Swinging Safari  is an Australian dramedy filled with mounds of potential, however, it stumbles over itself in an attempt to live up to the iconic Aussie dramedies that have towered before it. Stephan Elliott documents the summer spent by three coastal dwelling Australian families in the swinging 70’s; painting a picture of boozy parents who’ve forgotten the whereabouts of their ragtag kids and sandy buckets of KFC, capturing the tonality of 1970’s Australiana is about all this film really executes with finesse. It quickly becomes a summer the families will never forget due to the arrival of newfound neighborly feuds and the beaching of a two-tonne blue whale upon their town’s shore, however, it’s with these arrivals that the film descends into cringe-worthy and entirely questionable madness. A film that had such potential it was practically begging for the attention of a director with a subtler touch such as Taika Waititi or PJ Hogan. Although Elliott previously conjured up the Australian camp classic The Adventures of Priscilla, Queen of the Dessert it seems with Swinging Safari he’s lost his touch, so much so that not even the coupling of a bottle blond, mustachioed, speedo wearing Guy Pearce and an alcoholic, bowl-cut donning Kylie Minogue could save him.
Just in case you forgot, it’s the 1970’s: When handled well, nostalgia can be a films greatest tool, tap into the right audience experience and they’re transported into their own memories via mere relation to the characters in front of them. Use too little and you risk wasting a prime opportunity, use too much and it’s off-putting and on the nose; unfortunately for Swinging Safari, at the third mention of Engelbert Humperdinck it had already far surpassed itself as being trite and on the nose. So many dramedies have proven that nostalgia can be executed with balance, see Dazed and Confused, Anchorman and Boogie Nights, however, where Elliott fails this balance is in his dialogue. As screenwriter, Elliott consistently set himself up to capture, almost perfectly, the pure laid-back Australian parenting style that so many of us have experienced, however, for every beat he hits there’s a 1970’s reference shoved in your face to go with it. One particular line elated a physical response from me, “if you don’t come, you’re not getting Chiko Rolls or Sunny Boys from mum,” Elliott may as well have written a Buzzfeed article entitled “Seven Aussie snacks you totally miss!”. This seems innocent enough but it’s his ability to show that subtle nostalgia is achievable for him as a director that shows the potential this film had to be a triumph. A scene following this uses amazingly cut overhead visuals to show the kids at school buying their favorite candies and the “tuck shop lady” giving into the kids who lie through their teeth to get free food. Standing alone, the latter scene felt like a triumph, but Elliott tries so hard to push for 70’s nostalgia that the Chiko Roll is completely spoiled by being smothered in tomato sauce.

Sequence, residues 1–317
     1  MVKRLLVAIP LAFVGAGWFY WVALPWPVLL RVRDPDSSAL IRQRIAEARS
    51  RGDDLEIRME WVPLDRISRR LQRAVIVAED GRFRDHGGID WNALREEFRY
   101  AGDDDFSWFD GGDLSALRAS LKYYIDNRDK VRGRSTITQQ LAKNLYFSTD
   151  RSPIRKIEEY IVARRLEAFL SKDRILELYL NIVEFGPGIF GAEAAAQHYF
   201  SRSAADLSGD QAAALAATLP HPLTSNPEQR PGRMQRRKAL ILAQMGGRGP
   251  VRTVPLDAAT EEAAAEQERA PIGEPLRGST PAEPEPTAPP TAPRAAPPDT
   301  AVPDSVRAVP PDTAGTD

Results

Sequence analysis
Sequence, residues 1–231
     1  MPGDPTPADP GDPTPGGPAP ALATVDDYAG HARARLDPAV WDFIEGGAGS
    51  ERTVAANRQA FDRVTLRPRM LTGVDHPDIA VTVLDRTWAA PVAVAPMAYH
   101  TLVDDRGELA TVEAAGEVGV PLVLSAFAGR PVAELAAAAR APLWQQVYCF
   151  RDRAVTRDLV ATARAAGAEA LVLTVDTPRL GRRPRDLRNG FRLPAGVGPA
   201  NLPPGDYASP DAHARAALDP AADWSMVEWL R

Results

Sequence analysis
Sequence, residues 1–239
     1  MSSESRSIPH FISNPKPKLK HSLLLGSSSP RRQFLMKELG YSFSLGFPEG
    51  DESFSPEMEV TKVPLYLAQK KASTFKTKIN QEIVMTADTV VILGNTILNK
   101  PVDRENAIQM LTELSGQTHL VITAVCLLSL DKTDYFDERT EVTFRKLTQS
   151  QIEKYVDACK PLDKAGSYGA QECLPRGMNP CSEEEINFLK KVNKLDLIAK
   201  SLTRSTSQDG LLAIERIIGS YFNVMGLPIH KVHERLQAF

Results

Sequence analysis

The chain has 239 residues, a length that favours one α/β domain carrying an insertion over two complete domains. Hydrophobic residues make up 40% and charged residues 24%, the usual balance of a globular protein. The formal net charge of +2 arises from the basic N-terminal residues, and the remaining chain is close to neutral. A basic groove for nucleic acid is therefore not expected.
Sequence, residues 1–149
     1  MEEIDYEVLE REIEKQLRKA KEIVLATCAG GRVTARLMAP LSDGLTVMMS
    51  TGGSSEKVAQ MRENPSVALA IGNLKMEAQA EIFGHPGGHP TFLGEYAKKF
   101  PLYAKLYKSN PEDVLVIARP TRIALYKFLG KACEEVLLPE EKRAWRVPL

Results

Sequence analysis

An Aussie comedy needs heart: Australian comedy is somewhat sacred. With classics like Muriel’s Wedding, The Castle, Strictly Ballroom and the aforementioned Priscilla (coming from Elliott himself) it’s quite important for Australian cinephile’s to be treated to something of high quality. I had high hopes heading into this film because of a combination of marketing and Elliott’s previous work, in Australia there was a lot of talk of this film being the “saviour of Aussie comedy” and a matchable follow-up to Priscilla, this film didn’t even come close and it’s due to a lack of heart. This is not for lack of trying, though, a focus on young, escapist romance between Melly and the film’s narrator Jeff is the emotional glue that Elliott has set in place to make Safari work, unfortunately, his bets were misplaced. As far as chemistry goes, both direction and performance are to blame for the lack of investment I felt for the two young characters who received the most screen time, I often found myself wishing the entire film focussed on the constantly inebriated parents rather than their children. The amount of time Elliott spent attempting to make the audience feel something for Melly with her wishes of escape and exploration were overshadowed by the fact that there was no actual reason to care, a hint of it came through when we witnessed Melly’s mother mistreating her, but this was about two lines of scathing dialogue and limited reaction to such dialogue. It was hardly enough to solidify any true emotional investment, and in the end, emotion and heart are two core elements of a good Australian comedy.